Acetaminophen, dichloralphenazone, and isometheptene

Name: Acetaminophen, dichloralphenazone, and isometheptene

What happens if I overdose?

Seek emergency medical attention or call the Poison Help line at 1-800-222-1222. An overdose of acetaminophen can damage your liver or cause death.

The first signs of an acetaminophen overdose include loss of appetite, nausea, vomiting, stomach pain, sweating, and confusion or weakness. Later symptoms may include pain in your upper stomach, dark urine, and yellowing of your skin or the whites of your eyes.

Acetaminophen, dichloralphenazone, and isometheptene dosing information

Usual Adult Dose for Headache:

Migraine Headache: 2 capsules at once orally, followed by one capsule every hour until relieved, up to 5 capsules within a 12 hour period

Tension Headache: 1 to 2 capsules every 4 hours, up to 8 capsules a day

For the Consumer

Applies to acetaminophen / dichloralphenazone / isometheptene mucate: oral capsule

What are some side effects that I need to call my doctor about right away?

WARNING/CAUTION: Even though it may be rare, some people may have very bad and sometimes deadly side effects when taking a drug. Tell your doctor or get medical help right away if you have any of the following signs or symptoms that may be related to a very bad side effect:

  • Signs of an allergic reaction, like rash; hives; itching; red, swollen, blistered, or peeling skin with or without fever; wheezing; tightness in the chest or throat; trouble breathing or talking; unusual hoarseness; or swelling of the mouth, face, lips, tongue, or throat.
  • Signs of liver problems like dark urine, feeling tired, not hungry, upset stomach or stomach pain, light-colored stools, throwing up, or yellow skin or eyes.
  • Not able to pass urine or change in how much urine is passed.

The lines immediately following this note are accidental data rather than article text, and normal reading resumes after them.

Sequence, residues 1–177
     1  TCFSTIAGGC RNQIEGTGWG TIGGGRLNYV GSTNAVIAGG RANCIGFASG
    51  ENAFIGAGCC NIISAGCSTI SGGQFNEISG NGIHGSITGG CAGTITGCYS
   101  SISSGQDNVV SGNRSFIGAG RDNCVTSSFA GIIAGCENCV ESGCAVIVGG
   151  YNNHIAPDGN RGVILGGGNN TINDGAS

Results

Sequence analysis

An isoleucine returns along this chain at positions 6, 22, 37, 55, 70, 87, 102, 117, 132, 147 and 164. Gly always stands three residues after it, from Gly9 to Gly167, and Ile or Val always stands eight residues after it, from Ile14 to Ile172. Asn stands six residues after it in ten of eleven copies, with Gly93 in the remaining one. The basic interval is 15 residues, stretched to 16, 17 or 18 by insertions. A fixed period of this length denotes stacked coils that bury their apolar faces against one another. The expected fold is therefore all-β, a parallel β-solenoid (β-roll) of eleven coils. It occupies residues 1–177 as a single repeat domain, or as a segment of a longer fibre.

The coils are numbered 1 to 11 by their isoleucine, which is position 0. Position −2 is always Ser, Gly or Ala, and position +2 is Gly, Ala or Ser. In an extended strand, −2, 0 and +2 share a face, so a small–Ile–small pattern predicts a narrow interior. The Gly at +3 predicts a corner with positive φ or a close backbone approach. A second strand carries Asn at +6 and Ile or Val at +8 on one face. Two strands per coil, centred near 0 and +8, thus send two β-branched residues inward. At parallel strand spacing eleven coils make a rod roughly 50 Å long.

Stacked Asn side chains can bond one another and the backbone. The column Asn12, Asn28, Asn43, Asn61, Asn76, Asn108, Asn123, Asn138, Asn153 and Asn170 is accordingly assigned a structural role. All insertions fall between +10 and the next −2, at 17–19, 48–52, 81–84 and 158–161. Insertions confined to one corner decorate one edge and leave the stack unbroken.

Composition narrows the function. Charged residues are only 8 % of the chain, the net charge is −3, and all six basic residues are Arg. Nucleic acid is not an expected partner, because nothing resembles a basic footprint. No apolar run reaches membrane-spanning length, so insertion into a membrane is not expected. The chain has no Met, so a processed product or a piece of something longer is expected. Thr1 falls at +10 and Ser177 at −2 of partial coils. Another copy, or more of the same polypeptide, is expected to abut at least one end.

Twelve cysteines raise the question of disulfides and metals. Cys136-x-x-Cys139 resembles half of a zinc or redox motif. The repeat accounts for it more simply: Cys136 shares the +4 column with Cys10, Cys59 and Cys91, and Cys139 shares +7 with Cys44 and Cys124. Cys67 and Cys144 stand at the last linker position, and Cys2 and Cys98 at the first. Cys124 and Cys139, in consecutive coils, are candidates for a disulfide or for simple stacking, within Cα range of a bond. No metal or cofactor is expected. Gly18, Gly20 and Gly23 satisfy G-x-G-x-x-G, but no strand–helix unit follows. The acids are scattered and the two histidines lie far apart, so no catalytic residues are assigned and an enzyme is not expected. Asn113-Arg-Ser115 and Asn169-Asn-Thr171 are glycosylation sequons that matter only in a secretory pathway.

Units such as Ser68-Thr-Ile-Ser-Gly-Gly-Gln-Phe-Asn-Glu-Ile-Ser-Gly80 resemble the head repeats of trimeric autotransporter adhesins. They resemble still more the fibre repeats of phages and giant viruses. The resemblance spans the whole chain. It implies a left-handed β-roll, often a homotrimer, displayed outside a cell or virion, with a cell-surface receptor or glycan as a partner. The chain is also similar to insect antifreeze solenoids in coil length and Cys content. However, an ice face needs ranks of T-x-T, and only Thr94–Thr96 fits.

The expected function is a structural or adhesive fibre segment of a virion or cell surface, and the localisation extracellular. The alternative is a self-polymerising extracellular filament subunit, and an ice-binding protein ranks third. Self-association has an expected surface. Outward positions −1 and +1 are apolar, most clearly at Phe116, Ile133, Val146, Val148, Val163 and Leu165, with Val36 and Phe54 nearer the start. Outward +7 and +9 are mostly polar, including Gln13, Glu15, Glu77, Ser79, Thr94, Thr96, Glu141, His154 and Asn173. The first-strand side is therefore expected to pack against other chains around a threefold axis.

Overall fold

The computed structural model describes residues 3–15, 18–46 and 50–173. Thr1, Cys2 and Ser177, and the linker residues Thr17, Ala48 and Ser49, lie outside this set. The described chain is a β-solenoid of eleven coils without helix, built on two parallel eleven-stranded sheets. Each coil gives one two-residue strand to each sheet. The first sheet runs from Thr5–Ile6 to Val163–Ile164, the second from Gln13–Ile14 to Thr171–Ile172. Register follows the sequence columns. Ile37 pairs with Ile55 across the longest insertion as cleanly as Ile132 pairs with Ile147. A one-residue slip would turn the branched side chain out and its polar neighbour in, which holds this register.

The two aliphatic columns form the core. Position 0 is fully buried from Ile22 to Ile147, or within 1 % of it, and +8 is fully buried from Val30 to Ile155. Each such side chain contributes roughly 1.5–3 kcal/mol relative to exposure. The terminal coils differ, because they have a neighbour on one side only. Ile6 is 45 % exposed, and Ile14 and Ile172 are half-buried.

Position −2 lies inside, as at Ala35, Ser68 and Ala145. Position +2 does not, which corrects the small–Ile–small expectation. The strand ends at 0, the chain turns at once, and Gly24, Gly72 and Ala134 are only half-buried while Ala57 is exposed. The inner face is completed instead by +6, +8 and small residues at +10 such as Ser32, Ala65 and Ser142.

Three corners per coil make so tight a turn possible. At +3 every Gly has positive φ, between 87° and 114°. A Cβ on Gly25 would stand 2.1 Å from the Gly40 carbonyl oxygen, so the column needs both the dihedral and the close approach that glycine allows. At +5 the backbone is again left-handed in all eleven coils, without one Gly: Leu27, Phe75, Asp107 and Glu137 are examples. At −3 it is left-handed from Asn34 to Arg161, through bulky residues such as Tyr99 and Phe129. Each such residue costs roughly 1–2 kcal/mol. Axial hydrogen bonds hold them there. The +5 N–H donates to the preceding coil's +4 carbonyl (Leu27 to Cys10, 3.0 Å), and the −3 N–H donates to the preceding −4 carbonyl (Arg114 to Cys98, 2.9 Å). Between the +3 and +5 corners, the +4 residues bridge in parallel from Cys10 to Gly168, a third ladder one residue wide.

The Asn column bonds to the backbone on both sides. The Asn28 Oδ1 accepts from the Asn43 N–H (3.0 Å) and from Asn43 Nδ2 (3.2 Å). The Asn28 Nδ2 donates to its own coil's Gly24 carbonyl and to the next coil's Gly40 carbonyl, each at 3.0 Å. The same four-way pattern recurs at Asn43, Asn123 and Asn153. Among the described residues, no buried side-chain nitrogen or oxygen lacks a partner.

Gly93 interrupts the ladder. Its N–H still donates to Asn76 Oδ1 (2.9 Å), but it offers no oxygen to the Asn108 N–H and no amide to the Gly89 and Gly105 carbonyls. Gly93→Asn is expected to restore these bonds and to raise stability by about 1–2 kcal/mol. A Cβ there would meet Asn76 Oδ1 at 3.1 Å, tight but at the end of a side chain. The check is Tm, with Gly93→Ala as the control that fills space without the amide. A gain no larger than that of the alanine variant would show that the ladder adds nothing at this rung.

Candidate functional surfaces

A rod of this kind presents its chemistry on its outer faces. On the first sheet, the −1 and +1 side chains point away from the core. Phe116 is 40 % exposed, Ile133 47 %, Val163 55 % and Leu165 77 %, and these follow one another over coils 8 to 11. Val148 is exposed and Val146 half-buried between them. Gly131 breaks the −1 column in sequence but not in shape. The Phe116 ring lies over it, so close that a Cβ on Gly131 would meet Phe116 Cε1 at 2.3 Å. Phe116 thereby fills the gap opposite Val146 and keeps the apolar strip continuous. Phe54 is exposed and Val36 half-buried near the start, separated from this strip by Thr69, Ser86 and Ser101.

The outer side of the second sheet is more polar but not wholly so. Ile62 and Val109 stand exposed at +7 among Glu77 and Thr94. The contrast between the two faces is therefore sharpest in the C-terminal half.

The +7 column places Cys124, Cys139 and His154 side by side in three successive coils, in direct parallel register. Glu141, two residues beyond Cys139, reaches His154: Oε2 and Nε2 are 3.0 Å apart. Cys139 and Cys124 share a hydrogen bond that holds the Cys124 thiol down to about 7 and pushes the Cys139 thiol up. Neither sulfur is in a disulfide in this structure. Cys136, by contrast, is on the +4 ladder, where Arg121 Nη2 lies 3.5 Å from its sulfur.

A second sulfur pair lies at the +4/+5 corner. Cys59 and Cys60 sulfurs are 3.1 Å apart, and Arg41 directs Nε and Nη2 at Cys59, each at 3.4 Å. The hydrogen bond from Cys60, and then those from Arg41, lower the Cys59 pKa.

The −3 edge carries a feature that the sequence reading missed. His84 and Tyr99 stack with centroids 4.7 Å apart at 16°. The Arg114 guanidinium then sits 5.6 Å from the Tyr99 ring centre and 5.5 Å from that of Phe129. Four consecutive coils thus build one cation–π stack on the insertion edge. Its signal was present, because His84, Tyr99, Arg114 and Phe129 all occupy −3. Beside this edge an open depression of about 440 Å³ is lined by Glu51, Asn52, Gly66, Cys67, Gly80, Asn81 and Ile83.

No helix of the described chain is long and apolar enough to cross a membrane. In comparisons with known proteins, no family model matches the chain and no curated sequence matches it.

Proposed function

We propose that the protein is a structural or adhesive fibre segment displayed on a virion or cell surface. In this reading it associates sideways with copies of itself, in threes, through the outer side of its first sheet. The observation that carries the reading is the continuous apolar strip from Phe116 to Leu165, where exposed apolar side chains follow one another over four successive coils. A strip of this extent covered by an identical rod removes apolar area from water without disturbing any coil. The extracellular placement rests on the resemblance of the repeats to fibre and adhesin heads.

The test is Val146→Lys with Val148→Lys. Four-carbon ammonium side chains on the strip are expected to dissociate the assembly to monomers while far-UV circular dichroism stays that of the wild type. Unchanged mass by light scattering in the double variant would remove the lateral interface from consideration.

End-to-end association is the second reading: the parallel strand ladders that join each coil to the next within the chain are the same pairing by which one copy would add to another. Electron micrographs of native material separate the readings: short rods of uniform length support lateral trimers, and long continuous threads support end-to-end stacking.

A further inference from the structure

• A very bad skin reaction (Stevens-Johnson syndrome/toxic epidermal necrolysis) may happen. It can cause very bad health problems that may not go away, and sometimes death. Get medical help right away if you have signs like red, swollen, blistered, or peeling skin (with or without fever); red or irritated eyes; or sores in your mouth, throat, nose, or eyes.

For Healthcare Professionals

Applies to acetaminophen / dichloralphenazone / isometheptene mucate: oral capsule

Hypersensitivity

Transient dizziness and skin rash can usually be eliminated by reducing the dose of acetaminophen/dichloralphenazone/isometheptene.[Ref]

Hypersensitivity side effects including transient dizziness and skin rash have been reported with the use of acetaminophen/dichloralphenazone/isometheptene. Hypersensitivity reactions, including anaphylaxis and fixed drug eruptions have been reported rarely in association with acetaminophen use.[Ref]

Hepatic

Alcoholic patients may develop hepatotoxicity after even modest doses of acetaminophen. In healthy patients, approximately 15 grams of acetaminophen is necessary to deplete liver glutathione stores by 70% in a 70 kg person. However, hepatotoxicity has been reported following smaller doses. Glutathione concentrations may be repleted by the antidote N-acetylcysteine. One case report has suggested that hypothermia may also be beneficial in decreasing liver damage during overdose.

In a recent retrospective study of 306 patients admitted for acetaminophen overdose, 6.9% had severe liver injury but all recovered. None of the 306 patients died.

One study has suggested that acetaminophen may precipitate acute biliary pain and cholestasis. The mechanism of this effect may be related to inhibition of prostaglandin and alterations in the regulation of the sphincter of Oddi.